Maybe I should leave the final word to an old reactionary though wise man, one immune to revolutionary enthusiasm: “The more one examines the apparently more active personalities of the Revolution, the more one finds something passive and mechanical about them. It cannot be too often repeated that men do not at all guide the Revolution; it is the Revolution that uses men. It is well said that it has its own impetus. This phrase shows that never has the Divinity revealed itself so clearly in any human event. If it employs the most vile instruments, it is to regenerate by punishment.” (Joseph de Maistre)

Leo Strauss on the phenomenon of “esoteric writing”

The works of Leo Strauss about the phenomenon of esoteric writing in a context of persecution is probably one of the most fascinating aspects of his legacy. The readers learn with him how to read political philosophy as a “detective story”

The assumption that classical text should be « read between lines » proceeds directly from Strauss’s interest in the theologico-political question. The philosopher needs to justify himself, and the right of free enquiry, both in the eyes of the city and in the eyes of religion. To the extent that he deviates from orthodoxy or social accepted view he will have to conceal his real teaching, practice esoteric writings. Only a certain type of reader will be able to crack the code, to understand his real intention.

This may sound quite conventional in a way. But it proves a quite unsettling hypothesis when interpreting for instance medieval texts. Take what Strauss writes about Farabi, who is generally considered as a neo-platonician:

At the beginning of the treatise On the Attainment of Happiness with which he prefaces his summaries of the philosophies of Plato and of Aristotle, Farabi employs the distinction- between “the happiness of this world in this life” and “the ultimate happiness· in the other life” as a matter of course. In the Plato, which is the second and therefore the least exposed part of a tripartite work, the distinction of the two kinds of happiness is completely dropped. What this silence means becomes clear from the fact that in the whole Plato (which contains summaries of the Gorgias, the Phaedrus, the Phaedo, and the Republic), there is no mention of the immortality of the soul: Farabi’s Plato silently rejects Plato’s doctrine of a life after death.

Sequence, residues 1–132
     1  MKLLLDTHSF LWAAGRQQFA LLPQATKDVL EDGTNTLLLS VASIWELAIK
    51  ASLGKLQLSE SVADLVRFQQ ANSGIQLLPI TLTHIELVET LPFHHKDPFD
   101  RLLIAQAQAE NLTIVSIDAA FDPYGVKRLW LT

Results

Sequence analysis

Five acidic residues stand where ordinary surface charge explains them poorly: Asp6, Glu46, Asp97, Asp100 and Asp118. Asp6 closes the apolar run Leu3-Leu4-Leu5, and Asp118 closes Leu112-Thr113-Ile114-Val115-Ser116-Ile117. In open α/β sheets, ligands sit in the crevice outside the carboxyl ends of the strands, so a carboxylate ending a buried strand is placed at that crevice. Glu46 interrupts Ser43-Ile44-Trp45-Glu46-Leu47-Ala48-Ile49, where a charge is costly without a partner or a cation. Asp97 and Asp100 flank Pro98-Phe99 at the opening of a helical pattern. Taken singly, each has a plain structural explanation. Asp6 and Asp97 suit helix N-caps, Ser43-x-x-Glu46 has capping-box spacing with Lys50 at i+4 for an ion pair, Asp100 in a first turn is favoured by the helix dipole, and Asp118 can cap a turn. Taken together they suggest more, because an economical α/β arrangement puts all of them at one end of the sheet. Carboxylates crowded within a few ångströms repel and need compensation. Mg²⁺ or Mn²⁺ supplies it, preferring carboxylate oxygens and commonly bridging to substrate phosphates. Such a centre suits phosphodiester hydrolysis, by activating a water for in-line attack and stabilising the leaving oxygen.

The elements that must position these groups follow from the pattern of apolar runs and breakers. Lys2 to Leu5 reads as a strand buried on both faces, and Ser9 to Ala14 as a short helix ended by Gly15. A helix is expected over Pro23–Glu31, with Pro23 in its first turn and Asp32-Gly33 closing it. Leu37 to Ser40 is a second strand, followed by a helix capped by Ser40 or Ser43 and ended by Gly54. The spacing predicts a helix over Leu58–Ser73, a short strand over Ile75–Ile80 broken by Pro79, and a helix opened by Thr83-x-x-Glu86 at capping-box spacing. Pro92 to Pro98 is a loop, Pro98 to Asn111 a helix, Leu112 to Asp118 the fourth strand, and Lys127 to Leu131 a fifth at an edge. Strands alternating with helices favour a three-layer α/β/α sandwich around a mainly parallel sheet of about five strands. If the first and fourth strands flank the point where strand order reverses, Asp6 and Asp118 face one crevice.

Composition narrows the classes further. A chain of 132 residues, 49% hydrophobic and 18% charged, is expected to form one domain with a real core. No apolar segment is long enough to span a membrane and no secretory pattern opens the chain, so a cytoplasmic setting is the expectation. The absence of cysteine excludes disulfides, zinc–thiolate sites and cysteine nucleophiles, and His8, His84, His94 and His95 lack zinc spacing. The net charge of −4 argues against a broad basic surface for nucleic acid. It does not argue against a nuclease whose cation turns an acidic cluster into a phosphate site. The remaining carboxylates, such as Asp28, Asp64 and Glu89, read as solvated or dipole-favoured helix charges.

Farabi could go so far in the Plato, not merely because that treatise is the least exposed and the shortest part of a larger work, but also because .it sets forth explicitly the views of another man. As has been mentioned, he treats differently the two kinds of happiness in On the Attainment of Happiness and in the Plato; and he treats religious knowledge somewhat differently in the Enumeration of the Sciences and in the Plato. Proceeding in accordance with the same rule, he pronounces more or less orthodox views concerning the life after death in The Virtuous Religious Community and The Political Governments, i.e., in works in which he speaks in his own name. More precisely, in The Virtuous Religious Community, he pronounces simply orthodox views, and in The Political Governments he pronounces views which, if heretical, could nonetheless still be considered tolerable. But in his commentary on the Nicomachean Ethics he declares that there is only the happiness of this life, and that all divergent statements are based on “ravings and old women’s tales.'”

Farabi avails himself then of the specific immunity of the commentator or of the historian in order to speak his mind concerning grave matters in his “historical” works, rather than in the works in which he speaks in his own name. Yet could not Farabi, as a commentator, have expounded, without a muttering of dissent, such views as he rejected as a man? Could he not have been attracted, as a student of philosophy, by what he abhorred as a believer? Could his mind not have been of the type that is attributed to the Latin Averroists? It almost suffices to state this suspicion in order to see that it is unfounded. The Latin Averroists gave a most literal interpretation of extremely heretical teachings. But Farabi did just the reverse: he gave an extremely unliteral interpretation of a relatively tolerable teaching. Precisely as a mere commentator of Plato, Farabi was compelled to embrace the doctrine of a life after death. His flagrant deviation from the letter of Plato’s teaching, or his refusal to succumb to Plato’s charms, proves sufficiently that he rejected the belief in a happiness different from the happiness of this life, or the belief in another life. His silence about the immortality of the soul in a treatise designed to present the philosophy of Plato “from its beginning to its end” places beyond any reasonable doubt the inference that the statements asserting the immortality of the ;soul, which occur in some of his other writings, must be regarded as accommodations to the accepted views.